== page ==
Much like most other aspects of modern life, the coronavirus crisis has upended the ridesharing world. 

In just two weeks, the amount of people who are using rideshare services like Uber and Lyft has dropped dramatically. Among people who use ridesharing services, the percentage of people who are using them less has grown over 26%.Furthermore, in two weeks the amount of people who have stopped using them completely has surged to 71%.


While the travel industry has certainly taken a hit, for ridesharing it looks particularly grim. Half of the general population, who don’t feel safe traveling at all, have stopped using rideshare services. And the same holds true for Americans who are shying away from public spaces, with half of rideshare users who are concerned about being in public spaces curtailing their use of ridesharing apps.When it comes to overall travel, Gen Z is the most likely to say they still feel safe out and about despite the spread of the coronavirus; therefore it is unsurprising that 14% of rideshare users in that age cohort plan on quitting the service, but have yet to take the key out of the ignition.What is surprising is that those 55 or older, the most concerned about traveling, said they are still using rideshare services without intending to stop at the highest rate compared to the other generations.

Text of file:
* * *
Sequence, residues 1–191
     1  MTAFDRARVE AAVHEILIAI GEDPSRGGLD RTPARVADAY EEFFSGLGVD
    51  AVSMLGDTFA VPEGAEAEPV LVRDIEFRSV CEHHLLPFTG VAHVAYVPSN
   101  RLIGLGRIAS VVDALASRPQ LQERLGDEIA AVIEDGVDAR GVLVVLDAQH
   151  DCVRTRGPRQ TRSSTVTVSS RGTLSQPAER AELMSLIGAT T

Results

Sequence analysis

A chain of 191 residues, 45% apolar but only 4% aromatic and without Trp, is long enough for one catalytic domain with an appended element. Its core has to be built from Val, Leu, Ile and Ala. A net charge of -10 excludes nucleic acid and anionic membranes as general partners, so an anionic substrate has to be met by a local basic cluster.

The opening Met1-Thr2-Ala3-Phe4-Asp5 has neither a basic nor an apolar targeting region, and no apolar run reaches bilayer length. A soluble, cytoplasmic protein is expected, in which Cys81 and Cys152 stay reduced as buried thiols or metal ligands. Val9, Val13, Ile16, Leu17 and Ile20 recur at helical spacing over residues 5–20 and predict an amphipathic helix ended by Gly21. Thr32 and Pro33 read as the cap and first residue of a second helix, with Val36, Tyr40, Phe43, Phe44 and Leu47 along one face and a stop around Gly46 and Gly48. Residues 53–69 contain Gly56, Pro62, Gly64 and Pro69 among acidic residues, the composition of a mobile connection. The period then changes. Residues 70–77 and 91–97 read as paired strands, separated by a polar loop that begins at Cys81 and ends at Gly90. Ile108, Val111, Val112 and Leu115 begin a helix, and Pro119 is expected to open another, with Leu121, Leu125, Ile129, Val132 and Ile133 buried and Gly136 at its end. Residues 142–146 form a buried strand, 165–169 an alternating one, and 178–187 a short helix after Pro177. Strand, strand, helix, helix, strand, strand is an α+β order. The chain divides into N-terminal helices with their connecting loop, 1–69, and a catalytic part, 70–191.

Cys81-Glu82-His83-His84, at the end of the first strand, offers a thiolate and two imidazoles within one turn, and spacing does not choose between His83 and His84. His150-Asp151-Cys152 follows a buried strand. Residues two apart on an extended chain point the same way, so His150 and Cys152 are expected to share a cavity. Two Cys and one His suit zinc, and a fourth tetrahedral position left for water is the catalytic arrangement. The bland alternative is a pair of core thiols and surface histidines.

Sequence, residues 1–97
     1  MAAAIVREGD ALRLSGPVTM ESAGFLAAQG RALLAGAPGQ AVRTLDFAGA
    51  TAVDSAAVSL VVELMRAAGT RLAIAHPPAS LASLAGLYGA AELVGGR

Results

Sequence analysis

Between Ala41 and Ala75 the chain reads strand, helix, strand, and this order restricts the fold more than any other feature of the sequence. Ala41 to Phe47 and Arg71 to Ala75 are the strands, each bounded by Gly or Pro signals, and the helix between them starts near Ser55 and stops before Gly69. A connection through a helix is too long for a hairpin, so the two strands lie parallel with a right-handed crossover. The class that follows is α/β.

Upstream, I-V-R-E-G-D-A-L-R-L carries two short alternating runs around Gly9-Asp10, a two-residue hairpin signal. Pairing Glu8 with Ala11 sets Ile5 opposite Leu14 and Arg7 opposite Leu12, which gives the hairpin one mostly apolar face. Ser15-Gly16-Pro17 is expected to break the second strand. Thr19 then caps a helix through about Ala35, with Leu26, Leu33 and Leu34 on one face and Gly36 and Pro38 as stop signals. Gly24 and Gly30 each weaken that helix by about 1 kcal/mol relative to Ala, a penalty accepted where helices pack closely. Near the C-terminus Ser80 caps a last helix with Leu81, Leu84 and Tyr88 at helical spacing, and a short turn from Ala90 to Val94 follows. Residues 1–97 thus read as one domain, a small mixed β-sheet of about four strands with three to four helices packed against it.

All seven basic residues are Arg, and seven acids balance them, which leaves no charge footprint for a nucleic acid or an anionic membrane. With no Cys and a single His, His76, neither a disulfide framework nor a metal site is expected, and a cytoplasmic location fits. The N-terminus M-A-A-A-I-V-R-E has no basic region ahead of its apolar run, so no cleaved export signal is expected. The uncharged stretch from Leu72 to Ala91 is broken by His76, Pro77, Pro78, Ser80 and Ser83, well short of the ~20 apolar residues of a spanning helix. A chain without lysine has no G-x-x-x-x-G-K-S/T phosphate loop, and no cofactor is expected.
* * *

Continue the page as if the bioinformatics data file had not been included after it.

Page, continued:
Feelings Aside, the Physical World Is Still Off-Limits

Another factor contributing to decrease in rideshare usage is likely changing employment situations. Some people are working from home while others have had their hours cut, or worse, lost their job.  The data show 34% of rideshare users who normally use the service to commute to work have completely stopped using them. It is likely that rideshare usage will continue to drop. What will be interesting to see is what kind of rebound the sector sees when the worst is over. Will Americans in busy cities forgo public transportation in larger numbers, thus spilling business over to rideshare apps? Or will more people choose to walk, thereby hurting Lyft and Uber’s bottom lines? These are questions CivicScience will certainly be tracking in the coming months.